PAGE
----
From the Toolkit: Five Circles of Influence

Leadership doesn’t just happen at work. It happens in all circles of influence: self, family, team, organization and your community.

The Ultimate Goal of a Leader

What should a leader’s biggest goal be?

I like that question.

Some might answer “Results,” “Company Value” or “Team Loyalty.”

I have thought about this often, especially when leading through uncertain times. I found the answer in the last words of King David.

The Ultimate Goal of a Leader

Last words are important. They mean something as life is on the way out and death is near. They especially mean a lot from a revered king and historical legend. King David was a strong, effective leader. So, I have taken his words a bit more to heart. Here is what he said on his death bed.

“A great leader is like the morning sun shining on the morning meadow with blue skies above.”

When I first read this I thought it was a bit light and fluffy. “Morning sun shining on a meadow?” Really?

And then I caught his intent. I would paraphrase it like this…

“A great leader brings peace! A right leader brings peace to their team, to their company, to their family and to themselves. That is their goal and their aim.

Wow! Are you bringing peace right now? Am I?

Let me be careful to help you understand that David was a warrior. He went to battle almost every year of his 40 years of service. That doesn’t seem to be peaceful, does it? Yet, he was called a man after God’s own heart. He resided over much discord, yet, I believe he means this: A great leader has intent for peace even if it means making hard decisions, positioning companies, removing employees, etc.

Is peace your intent? Are you working and leading to take your company into peace and prosperity? A great leader has the intent to lead a peace-filled existence and to rest in the grace and rewards of their efforts. That is a peaceful leader. That is a great leader.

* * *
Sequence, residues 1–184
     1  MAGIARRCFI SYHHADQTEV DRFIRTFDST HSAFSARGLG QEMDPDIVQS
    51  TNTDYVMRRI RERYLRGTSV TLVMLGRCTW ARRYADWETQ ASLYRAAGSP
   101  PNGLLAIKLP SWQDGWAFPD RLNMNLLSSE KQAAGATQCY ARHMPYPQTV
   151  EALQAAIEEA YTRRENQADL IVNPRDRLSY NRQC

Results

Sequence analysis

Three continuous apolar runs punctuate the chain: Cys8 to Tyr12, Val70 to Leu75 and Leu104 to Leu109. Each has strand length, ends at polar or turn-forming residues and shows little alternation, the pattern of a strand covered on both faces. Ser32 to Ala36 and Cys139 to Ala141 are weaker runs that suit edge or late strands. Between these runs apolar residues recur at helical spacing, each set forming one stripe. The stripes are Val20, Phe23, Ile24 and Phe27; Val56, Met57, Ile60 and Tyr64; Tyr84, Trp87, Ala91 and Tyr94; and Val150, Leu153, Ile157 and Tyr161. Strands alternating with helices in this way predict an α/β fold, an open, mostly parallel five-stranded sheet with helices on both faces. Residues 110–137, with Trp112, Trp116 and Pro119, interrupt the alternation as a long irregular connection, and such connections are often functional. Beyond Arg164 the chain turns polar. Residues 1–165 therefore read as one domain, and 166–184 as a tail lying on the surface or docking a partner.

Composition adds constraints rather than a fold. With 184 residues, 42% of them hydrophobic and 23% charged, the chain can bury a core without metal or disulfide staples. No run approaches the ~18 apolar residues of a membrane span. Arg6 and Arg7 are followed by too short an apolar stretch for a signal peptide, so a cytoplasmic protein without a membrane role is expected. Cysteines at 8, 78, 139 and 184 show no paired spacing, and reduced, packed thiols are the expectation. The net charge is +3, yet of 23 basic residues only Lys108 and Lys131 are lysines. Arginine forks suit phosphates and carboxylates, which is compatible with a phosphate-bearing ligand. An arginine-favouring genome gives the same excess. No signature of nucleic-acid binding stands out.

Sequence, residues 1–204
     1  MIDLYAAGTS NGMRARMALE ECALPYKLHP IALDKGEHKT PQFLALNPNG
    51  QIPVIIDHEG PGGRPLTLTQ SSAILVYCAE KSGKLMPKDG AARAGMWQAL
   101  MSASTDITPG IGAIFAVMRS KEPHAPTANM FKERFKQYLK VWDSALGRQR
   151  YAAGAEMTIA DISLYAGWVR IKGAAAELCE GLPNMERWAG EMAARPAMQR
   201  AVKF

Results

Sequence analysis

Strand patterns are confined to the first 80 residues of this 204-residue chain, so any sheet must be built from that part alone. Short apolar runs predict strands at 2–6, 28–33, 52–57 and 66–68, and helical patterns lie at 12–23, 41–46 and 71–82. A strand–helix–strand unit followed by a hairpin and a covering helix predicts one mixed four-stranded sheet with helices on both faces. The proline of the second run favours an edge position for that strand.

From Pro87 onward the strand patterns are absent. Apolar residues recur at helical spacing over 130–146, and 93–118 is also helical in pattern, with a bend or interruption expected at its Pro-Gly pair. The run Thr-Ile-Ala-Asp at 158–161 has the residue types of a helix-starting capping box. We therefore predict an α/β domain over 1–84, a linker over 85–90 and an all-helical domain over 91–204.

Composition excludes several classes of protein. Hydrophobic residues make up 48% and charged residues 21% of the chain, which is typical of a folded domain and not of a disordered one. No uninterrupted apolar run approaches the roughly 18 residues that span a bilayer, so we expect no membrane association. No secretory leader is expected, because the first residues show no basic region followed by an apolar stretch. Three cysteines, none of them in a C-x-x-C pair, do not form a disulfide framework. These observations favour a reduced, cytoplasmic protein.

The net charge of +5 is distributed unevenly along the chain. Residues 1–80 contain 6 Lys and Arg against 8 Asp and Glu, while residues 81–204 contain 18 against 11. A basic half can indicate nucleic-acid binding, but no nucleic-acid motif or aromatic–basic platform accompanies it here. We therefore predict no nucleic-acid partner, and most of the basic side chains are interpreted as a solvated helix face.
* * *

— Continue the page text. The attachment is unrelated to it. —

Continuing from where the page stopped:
The ultimate goal of a leader is to lead their teammates down the paths of contentment, rest and peace.

Whiteboard Planning

We live in a visual culture. We focus heavily on building everything to be visual and easy to understand. Sometimes the whiteboard is our best friend!

Do You Suffer from Leadershock?

I’ve been captivated by a word I came across in an article by Robert Martin; leadershock. He used the word to describe the paralysis experienced by leaders who are overwhelmed with information and remain indecisive.

Do You Suffer From Leadershock

The formula for Leadershock:

Step #1

Read too many leadership books.

Step #2

Be apathetic, indecisive and uncertain because you read too many leadership books and have not formed concrete ideas of your own but merely marveled at the concepts of others.

Step #3

Second-guess everything and spin out of control.
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Presence and Understanding

The role of a leader in developing people is not a new one to debate. There are those who believe the primary role of a leader is to teach the right behaviors. Some believe modeling is the best way to develop people. And still others would emphasize the need of the leader to simply reward right behaviors and remove repeat offenders who seem to create problems. Any engaged leadership is likely to produce some good result. But what is the best method to bring out the best in someone else?

When my youngest son was 6, he was afraid of the dark. As a dad who longs for his son to reach his full potential, I encouraged him to overcome this irrational behavior without seeing growth. I had great logic and sound instruction for him, but did not see any development.

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Self-Preservation is Your Enemy

This sounds a bit preposterous when you think about it. I mean what is wrong with protecting yourself?